-- Kimon Valaskakis PhD
Kimon Valaskakis is a former Canadian Ambassador to the OECD President of the New School of Athens and emeritus professor of economics at the University of Montreal.

Without Law there is no civilization. This principle is well known and applied in all national states where a central organization called a ‘government’ establishes and enforces rules to regulate the economy and society. Yet, at the international level, we seem to lay aside this idea and under the system of national sovereignty, inherited from the 1648 Treaty of Westphalia, each state is free to accept or reject international rules, by signing or not signing treaties.
Even more surprising, private sector actors, such as individuals, corporations and special interest groups, although submitted to national rules, can well escape from the latter by moving to other jurisdictions. This explains the proliferation of tax havens, outsourcing to low wage areas and environmental dumps. When these private sector agents are asked to show ‘corporate social responsibility’ it is mainly through ‘guidelines’, ‘frameworks’ and general recommendations which are left optional. In spite of globalization, very few, if any, intergovernmental organizations have the power to exert any direct authority on these private actors. Most IGOs are designed to discipline signatory governments by moral suasion or in some cases, sanctions, but not corporations which remain completely unregulated at the global level. As a result, the ‘guidelines’ and ‘frameworks’ end up having the same status as New Year Resolutions, such as quitting smoking or losing weight. Most of them are just not kept.

In the paper which I was asked to write for the G8 Research Group in preparation of the Aquila Summit, I have argued that the Good Samaritan approach, which relies exclusively on benevolent or philanthropic CEOs to implement global corporate social responsibility, very quickly meets its limits. Good Samaritans, like Philosopher Kings are few and far between. The financial excesses of 2008 which led to the current global crisis confirm the proposition that for every philanthropist there are many more cheaters who don’t play by the rules.  More importantly, the absence of global rules makes the very concept of cheating too vague to be applicable, since it is quite possible to be outrageously irresponsible without breaking any laws, whatsoever. It follows then that, in our view, a Global Standard, which is an excellent idea to begin with, can only be meaningful if enforceable by some form of global law.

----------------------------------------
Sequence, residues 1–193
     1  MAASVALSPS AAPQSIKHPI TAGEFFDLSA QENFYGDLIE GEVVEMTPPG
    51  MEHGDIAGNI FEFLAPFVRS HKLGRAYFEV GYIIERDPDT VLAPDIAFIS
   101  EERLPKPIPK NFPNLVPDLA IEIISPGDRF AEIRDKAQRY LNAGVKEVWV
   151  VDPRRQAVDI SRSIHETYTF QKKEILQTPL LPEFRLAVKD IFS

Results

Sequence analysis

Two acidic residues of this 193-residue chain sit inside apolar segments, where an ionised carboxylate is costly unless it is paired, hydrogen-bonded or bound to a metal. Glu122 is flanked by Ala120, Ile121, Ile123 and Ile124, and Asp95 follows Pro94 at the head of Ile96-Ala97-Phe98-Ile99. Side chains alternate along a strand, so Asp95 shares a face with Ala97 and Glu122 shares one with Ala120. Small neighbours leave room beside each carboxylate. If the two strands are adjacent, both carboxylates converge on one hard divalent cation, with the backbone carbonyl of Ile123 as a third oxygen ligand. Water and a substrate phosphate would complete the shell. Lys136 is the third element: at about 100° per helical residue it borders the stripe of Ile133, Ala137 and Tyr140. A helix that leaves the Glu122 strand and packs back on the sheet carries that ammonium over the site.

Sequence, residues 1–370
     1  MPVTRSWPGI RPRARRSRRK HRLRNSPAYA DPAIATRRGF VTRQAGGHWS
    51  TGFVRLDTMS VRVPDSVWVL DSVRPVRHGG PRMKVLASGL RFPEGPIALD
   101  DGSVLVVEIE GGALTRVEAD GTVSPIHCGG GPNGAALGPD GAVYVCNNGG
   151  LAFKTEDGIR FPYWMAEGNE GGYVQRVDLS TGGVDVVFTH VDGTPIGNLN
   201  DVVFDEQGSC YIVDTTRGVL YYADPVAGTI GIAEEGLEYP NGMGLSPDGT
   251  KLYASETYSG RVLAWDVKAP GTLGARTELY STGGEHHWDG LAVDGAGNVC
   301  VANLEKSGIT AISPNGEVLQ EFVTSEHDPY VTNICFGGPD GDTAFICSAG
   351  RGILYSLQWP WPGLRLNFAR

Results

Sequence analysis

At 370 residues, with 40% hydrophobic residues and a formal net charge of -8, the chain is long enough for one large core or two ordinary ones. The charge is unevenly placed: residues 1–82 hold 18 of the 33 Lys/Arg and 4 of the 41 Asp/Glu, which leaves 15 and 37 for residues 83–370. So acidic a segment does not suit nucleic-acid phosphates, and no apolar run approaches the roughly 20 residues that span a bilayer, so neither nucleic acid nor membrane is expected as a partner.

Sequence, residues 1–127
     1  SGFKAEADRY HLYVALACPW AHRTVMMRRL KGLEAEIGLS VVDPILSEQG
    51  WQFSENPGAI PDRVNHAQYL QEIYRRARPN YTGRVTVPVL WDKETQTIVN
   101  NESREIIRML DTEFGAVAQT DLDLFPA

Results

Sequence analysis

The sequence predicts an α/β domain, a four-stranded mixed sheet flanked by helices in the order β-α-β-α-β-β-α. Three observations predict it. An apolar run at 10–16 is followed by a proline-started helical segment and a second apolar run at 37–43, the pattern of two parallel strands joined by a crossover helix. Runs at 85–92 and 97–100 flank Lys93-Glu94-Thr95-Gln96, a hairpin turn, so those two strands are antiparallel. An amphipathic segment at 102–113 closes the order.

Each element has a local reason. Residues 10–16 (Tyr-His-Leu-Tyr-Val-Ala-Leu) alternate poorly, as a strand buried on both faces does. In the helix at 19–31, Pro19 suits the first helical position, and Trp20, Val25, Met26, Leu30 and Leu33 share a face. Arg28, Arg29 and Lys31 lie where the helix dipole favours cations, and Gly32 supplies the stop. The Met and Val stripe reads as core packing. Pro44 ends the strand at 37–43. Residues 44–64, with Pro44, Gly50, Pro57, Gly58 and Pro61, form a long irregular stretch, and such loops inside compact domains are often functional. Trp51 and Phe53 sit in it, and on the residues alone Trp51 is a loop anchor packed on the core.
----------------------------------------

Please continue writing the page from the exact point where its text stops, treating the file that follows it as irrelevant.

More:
How can this happen in a Westphalian World, designed around national sovereignty ? This is a tricky question and, as a former OECD ambassador, I am well aware of its complexity. However there are at least three plausible solutions which should be explored:

(1) Create a new IGO with direct authority on private actors. One model could be the UN Security Council. The idea of creating a Security Council for the Economy, for the Environment or for Health, among others has already aroused some interest. It would mean that the rule making, once approved by the member states could then be implemented with sanctions for non- compliance. A second model could be the International Criminal Court, which has the authority to prosecute individuals without the permission of national governments. An equivalent International Economic Court could be envisioned with powers to impose penalties on offending economic actors.

(2) Endow one or more existing IGOs with direct authority over private sector agents, in order to enforce the agreed upon Global Standard. If the first solution is too cumbersome, existing IGOs could be given the same authority. This could be done by treaty or agreement allowing the IGOs to take direct measures against offending private sector agents based in the signatory states.  The candidate IGOs which could be entrusted with that task could be the IMF, the OECD and the WTO or some combination of all three.

(3) Simultaneously enact identical corporate social responsibility legislation in all signatory countries, fully enforceable by national states. This proposal is the least complicated to implement and is advocated by the John Bunzl among other in the Simultaneous Policy Movement. Each sovereign country would enact identical laws, because subtle differences in wording could be exploited by cunning lawyers to create loopholes. The effectiveness of this  approach will also depend on its inclusiveness. If some major players are absent then it will obviously fail.

We have become One Interdependent World which obviously requires global standards, to be effectively managed. But without appropriate enforcement mechanisms these standards are unlikely to go beyond the status of wish lists.